To me, a place is a place because it has some significance. It could be political (see the UN list), it could be cultural, historic, or natural. That is why in my sidebar I also list:
UNESCO World Heritage Sites
There are 1,031 World Heritage Sites and there are more every year. Going to see the pyramids is different than just having set foot in Egypt. Seeing the Grand Canyon is different than having an overnight stay in LA. Not all countries are equal in that respect. Some countries with long histories have more sites than others. The US and Canada do not have much in the way of cultural sites compared to Italy or China. Ultimately I like this better than a country list because it represents specific things and places with a reason for each one. Also, unlike countries, you usually don’t just pass through a World Heritage site like you might pass through a country on a train or in an airport. If you visit one you probably went there to see it. The problem is most people have no clue how many they have been to and have no idea how many there are. They are also much more difficult to visit. Going to the Solomon Islands is one type of difficult. Going to the east end of Rennell Island World Heritage site is a totally different type of hard.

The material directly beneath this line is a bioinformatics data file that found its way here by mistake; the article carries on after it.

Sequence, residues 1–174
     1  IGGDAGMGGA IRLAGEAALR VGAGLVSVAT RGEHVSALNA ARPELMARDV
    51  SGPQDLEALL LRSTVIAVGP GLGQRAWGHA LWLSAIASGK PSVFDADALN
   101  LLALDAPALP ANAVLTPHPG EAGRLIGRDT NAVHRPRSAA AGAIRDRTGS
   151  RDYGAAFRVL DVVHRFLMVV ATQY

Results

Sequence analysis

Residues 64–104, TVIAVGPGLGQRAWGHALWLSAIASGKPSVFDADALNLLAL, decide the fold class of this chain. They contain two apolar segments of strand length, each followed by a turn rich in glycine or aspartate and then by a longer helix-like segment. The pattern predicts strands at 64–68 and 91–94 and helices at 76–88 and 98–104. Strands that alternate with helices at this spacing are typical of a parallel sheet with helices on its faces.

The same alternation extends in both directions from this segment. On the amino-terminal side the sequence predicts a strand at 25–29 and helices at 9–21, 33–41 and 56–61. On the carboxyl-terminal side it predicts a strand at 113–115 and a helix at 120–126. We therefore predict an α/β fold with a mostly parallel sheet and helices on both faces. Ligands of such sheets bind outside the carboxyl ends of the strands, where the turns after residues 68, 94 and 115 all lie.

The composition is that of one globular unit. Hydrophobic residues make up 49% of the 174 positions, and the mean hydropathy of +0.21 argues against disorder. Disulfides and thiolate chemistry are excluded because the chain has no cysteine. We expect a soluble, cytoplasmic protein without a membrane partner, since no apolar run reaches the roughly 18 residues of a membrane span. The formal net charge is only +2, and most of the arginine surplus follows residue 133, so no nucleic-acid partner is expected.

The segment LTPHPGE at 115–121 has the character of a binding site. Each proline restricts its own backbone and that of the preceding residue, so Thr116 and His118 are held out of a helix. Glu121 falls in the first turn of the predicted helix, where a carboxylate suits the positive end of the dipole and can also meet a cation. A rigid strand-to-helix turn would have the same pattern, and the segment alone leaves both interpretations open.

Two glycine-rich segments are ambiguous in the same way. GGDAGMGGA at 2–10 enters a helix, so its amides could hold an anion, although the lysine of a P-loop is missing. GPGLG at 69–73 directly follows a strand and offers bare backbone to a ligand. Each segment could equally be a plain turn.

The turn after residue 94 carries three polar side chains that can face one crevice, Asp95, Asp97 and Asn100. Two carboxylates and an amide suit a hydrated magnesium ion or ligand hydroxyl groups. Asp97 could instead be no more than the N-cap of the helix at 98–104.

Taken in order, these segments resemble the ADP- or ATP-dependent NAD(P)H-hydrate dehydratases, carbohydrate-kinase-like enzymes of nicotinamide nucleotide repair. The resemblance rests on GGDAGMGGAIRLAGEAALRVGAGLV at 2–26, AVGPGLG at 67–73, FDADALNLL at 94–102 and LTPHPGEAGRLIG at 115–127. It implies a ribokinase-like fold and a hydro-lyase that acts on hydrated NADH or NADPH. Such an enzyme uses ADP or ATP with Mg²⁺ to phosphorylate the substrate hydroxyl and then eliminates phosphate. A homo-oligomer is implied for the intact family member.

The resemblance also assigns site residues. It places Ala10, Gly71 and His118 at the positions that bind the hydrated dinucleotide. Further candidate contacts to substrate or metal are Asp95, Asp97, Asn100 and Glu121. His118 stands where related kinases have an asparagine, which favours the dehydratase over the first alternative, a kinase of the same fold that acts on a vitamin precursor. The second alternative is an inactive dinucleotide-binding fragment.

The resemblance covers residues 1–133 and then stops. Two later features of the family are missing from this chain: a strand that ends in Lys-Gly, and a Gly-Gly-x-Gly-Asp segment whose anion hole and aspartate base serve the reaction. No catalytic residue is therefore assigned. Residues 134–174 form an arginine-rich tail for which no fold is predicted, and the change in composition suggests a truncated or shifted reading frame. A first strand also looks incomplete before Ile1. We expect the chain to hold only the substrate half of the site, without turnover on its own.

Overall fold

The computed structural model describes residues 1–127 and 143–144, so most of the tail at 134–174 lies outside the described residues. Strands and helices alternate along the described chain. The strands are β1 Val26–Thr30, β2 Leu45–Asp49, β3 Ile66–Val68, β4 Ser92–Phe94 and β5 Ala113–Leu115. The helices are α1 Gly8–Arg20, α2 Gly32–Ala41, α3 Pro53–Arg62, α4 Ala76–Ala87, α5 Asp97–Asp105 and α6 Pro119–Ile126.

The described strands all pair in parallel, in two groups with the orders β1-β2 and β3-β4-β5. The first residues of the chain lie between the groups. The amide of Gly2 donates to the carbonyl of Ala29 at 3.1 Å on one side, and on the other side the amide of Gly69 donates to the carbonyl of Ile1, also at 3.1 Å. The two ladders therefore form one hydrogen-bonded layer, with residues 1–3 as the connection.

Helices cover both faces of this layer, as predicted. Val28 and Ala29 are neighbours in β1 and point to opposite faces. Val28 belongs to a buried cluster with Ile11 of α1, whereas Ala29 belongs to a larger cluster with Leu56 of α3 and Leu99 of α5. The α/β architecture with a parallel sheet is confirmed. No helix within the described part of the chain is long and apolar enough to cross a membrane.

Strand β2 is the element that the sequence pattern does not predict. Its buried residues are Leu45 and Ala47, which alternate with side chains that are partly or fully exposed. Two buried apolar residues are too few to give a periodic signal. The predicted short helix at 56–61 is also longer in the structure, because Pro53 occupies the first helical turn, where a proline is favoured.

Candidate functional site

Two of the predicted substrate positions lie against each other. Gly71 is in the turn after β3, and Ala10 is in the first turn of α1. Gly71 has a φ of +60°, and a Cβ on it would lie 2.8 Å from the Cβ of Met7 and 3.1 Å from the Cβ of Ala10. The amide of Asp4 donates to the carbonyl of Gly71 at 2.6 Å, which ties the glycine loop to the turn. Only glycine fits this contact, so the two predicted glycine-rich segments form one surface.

I should also make note of one other list which is sort of fun….
The Hillman Wonders of the World
Howard Hillman is a writer who has compiled a list of the top 100 and top 1,000 wonders of the world. I’ve decided to put this on my sidebar as well because I think it is a fun list. It is in the same spirit as the World Heritage list but includes things like city skylines, cruises, and drives. I think seeing the skyline of Hong Kong from Kowloon was one of the most amazing things I’ve ever seen, but it will never be on a UNESCO list. I have currently been to 27 of the top 100 and should increase that significantly in the next year.
So, once again I ask you the question: How many countries have you been to?